23/10/2007 - 22:00

Sensible solution to people shortage

23/10/2007 - 22:00

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There is a lot of debate about whether the state government is doing a good enough job to manage us safely through this current boom.

Sensible solution to people shortage

There is a lot of debate about whether the state government is doing a good enough job to manage us safely through this current boom.

It’s easy to list a number of shortcomings that have initially affected business and, increasingly, the state’s population.

For instance, property developers were the first to feel the effects of inadequate government responses to development approvals. But this emerged later as a consumer problem in the form of housing affordability.

This is, perhaps, the most obvious example, but if you want keep the boom rolling, every time government impedes a sector of the business community it is ultimately going to hurt the populace in general.

Of course, much of this is masked in a boom, with business so desperate to make hay while the sun shines that they’ll find ways to do things that may not have seemed possible in leaner times.

So with the government being attacked for failing to respond, I’ve thought about what the real solution to all these problems might be.

In the end, it’s got to be people.

As we’ve discussed so many times in this paper, many of the government issues relate to its own problems in finding people to do the jobs that business and the community want.

Regrettably, the answer lies in importing people. However, from my point of view it’s not regrettable that we are in this situation; it’s regrettable that both our state and federal governments don’t have the will to come up with a plan to solve Western Australia’s acute people shortage.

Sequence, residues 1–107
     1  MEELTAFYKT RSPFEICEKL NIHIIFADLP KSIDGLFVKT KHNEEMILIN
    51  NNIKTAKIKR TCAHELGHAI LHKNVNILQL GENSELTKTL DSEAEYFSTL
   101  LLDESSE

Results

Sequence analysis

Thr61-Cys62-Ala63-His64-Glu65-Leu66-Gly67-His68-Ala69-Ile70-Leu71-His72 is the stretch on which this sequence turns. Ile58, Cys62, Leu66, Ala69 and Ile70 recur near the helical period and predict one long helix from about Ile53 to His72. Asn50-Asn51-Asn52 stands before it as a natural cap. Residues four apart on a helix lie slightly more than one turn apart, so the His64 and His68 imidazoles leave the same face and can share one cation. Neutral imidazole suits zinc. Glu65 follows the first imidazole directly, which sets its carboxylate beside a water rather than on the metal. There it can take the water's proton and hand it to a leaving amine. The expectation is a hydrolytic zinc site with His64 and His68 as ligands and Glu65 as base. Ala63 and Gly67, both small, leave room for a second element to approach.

Sure, the state will tell us it has sought to bring people in. But that’s from over east, New Zealand or the UK. These are obvious places to look, but they already know about us.

If they wanted to come, they’d be on the plane already. No, the solution lies in other places that are far less politically palatable.

While we need to be cautious about who we let into this country in terms of their background and motivation, they ought to be the only reasons we hesitate to bring in people who are skilled and willing to come to Australia.

Like the thousands of students who come to this country every year to study, there’s no reason why we can’t have an efficient system that allows people to work here under strict conditions that ensures they are legitimately here for employment.

The argument that they are somehow taking someone else’s job is ludicrous. Why do we need to advertise in Victoria or attend trade shows in England if we have workers waiting for jobs here?

Unemployment is also considered low in these regions and, perhaps, the incentives just aren’t good enough to encourage people to move.

Compare that to India, where an IT expert gets paid one quarter what they would here. Why not let them come and work here?

Just by arriving they do more than solve our problem, they drive up demand and fuel other parts of the economy.

If they turn out to be good people, why not let them stay?

It might seem like safe thinking to preserve our population growth, but the reality is that we need more than modest increases to fully reach our potential.

STANDING BY BUSINESS. TRUSTED BY BUSINESS.

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